ElmoGonzo (627753) | about 3 years ago | (#37660938)

Let's go back and have the argument over "How much can we raise IQ scores" again. Arthur Jensen hasn't gotten nearly enough press coverage since he died. Or we could bow to the superiority of Lake Woebegone which -- as far as I know -- is the only place on the planet where all the children are above average.

I bet some kids revel in being in the "bad" lines. (2, Interesting)

gfxguy (98788) | about 3 years ago | (#37660946)

For the same reason kids wear their pants around their asses, if it makes them look "bad," they would revel in it. These are the same kids flunking out already anyway. Perhaps if you just come right out and call their behavior 'stupid' instead of trying to coddle them, perhaps if you worry more about their futures instead of worry about offending them, it might help some tiny fraction of them.

In today's culture, I picture the kids in the "smart" lines being bullied and ostracized instead of the other way around, though.

Re:I bet some kids revel in being in the "bad" lin (0)

Anonymous Coward | about 3 years ago | (#37661128)

Sounds like a pretty wildly assumption stemming from underlying psychological damage.

You will know soon enough... (1)

mschaffer (97223) | about 3 years ago | (#37660986)

"revealed test scores and embarrassed those who didn't do well"
Sheesh! That will happen soon enough. "Do you want fries with that..."
'nuf said.

Unintended effects (5, Insightful)

dkleinsc (563838) | about 3 years ago | (#37660992)

(A) Test scores are heavily correlated with demographic factors such as race and social class. In fact, there's some evidence that they're correlated more with those sorts of demographics than they are with factors like time spent studying. So whether it was intended or not, it's quite possible that the effect of this would have been to separate out, with official sanction, the generally wealthier white and Asian-American kids from the mostly poorer black and Hispanic kids, and treat the first group better than the second group.

(B) For kids who's friends are generally anti-intellectual, they might be more embarrassed to be in the "smart" line rather than the "stupid" line. If you're in a crowd where most everybody is heading nowhere in life and knows it, they will often single out the people who are going somewhere for bullying to try to make themselves feel better about their utter lack of prospects.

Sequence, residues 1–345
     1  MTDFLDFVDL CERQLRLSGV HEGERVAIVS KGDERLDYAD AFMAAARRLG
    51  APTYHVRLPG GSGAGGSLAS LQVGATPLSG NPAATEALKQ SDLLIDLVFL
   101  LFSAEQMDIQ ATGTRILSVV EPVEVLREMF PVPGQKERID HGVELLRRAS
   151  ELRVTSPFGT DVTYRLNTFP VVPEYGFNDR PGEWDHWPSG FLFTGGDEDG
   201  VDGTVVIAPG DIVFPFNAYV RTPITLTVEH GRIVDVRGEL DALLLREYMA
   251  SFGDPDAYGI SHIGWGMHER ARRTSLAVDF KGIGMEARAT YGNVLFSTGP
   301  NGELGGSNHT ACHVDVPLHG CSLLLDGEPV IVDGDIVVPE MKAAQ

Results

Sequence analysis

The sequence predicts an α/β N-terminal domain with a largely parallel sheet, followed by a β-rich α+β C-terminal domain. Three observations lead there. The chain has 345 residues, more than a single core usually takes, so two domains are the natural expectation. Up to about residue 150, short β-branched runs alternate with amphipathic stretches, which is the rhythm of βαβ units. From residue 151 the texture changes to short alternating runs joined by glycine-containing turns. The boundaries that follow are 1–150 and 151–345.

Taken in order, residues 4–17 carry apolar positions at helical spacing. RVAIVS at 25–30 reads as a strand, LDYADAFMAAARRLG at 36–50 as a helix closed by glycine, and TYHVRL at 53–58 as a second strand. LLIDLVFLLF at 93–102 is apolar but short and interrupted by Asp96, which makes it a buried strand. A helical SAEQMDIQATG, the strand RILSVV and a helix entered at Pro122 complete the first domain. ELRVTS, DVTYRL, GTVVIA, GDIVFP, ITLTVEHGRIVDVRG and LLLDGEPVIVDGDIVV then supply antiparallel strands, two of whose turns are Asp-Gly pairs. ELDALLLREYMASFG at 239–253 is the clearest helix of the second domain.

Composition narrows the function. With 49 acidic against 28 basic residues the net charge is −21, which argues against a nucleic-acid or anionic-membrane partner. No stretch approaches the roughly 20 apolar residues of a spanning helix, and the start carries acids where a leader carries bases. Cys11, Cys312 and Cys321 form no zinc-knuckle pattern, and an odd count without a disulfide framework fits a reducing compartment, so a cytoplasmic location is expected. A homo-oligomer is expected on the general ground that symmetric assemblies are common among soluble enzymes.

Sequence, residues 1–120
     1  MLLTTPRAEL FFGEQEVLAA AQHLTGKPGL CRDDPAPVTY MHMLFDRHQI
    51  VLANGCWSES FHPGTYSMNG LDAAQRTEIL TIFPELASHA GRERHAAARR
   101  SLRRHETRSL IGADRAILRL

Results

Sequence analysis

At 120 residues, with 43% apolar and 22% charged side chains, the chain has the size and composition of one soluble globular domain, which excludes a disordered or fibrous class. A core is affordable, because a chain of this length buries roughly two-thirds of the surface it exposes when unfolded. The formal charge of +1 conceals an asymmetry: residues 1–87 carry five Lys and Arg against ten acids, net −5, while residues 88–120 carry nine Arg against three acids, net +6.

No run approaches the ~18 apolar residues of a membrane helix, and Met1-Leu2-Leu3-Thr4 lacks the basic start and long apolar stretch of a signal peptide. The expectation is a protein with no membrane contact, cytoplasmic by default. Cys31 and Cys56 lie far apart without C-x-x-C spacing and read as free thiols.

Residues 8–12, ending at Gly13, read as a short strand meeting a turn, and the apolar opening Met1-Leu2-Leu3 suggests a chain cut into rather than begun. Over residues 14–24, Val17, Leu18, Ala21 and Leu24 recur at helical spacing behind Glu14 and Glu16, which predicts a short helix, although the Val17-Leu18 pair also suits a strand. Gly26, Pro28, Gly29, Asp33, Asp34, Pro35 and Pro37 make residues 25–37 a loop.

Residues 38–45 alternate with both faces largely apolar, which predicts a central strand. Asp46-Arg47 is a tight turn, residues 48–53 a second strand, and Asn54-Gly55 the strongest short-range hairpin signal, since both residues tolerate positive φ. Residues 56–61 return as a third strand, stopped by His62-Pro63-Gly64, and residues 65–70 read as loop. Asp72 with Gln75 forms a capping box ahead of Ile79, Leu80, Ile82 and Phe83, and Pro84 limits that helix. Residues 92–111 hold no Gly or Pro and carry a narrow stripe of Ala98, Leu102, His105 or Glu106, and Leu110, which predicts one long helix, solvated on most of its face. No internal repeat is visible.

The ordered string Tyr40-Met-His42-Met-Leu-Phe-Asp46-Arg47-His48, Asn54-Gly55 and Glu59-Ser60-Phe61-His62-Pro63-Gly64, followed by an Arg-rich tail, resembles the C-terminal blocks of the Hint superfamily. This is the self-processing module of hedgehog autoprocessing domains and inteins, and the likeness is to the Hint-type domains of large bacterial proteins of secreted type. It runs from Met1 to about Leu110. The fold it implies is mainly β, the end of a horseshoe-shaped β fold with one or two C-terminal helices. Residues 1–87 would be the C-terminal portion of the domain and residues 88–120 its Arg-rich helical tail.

(C) Threats only get kids to fake learning, not to really learn stuff. You can get kids to pretend to go to study groups but really just hang out with friends. You can get kids to cram for the next exam and promptly forget everything the next day. You can get kids to cheat on their test to avoid school or parental consequences. But you can't get kids to really learn and internalize what they're supposed to know with threats - for that you need to actually give them a goal that their learning will help accomplish.

Re:Unintended effects (0)

Anonymous Coward | about 3 years ago | (#37661324)

(B) For kids who's friends are generally anti-intellectual, they might be more embarrassed to be in the "smart" line rather than the "stupid" line. If you're in a crowd where most everybody is heading nowhere in life and knows it, they will often single out the people who are going somewhere for bullying to try to make themselves feel better about their utter lack of prospects.

That's right. That's why I was bullied at school - jealousy. Man, if those bullies could see me now, whole basement to myself, parents waiting on me hand and foot, and all the Internet porn I can masturbate to... Those greedy, aggressive, manipulative morons could never have succeeded in this beautiful meritocracy of ours, no matter how much more popular they were.

It's about money (4, Insightful)

amiga3D (567632) | about 3 years ago | (#37660994)

This is what comes from tying performance to pay. I know schools here are awarded more money from the state as well as teacher performance bonuses for better scores on standardized tests. It's had this kind of push here as well. Lots of schools have even been caught cheating to get their scores up. Desperation brings on this kind of craziness.

Re:It's about money (3, Interesting)

L4t3r4lu5 (1216702) | about 3 years ago | (#37661052)

I've worked in a secondary school with performance based pay, and I've heard at least one member of staff tell a disruptive student that in the performance based pay scheme, there is room to let one or two children utterly fail in order for the rest to achieve, and that he was one of the "acceptable failures".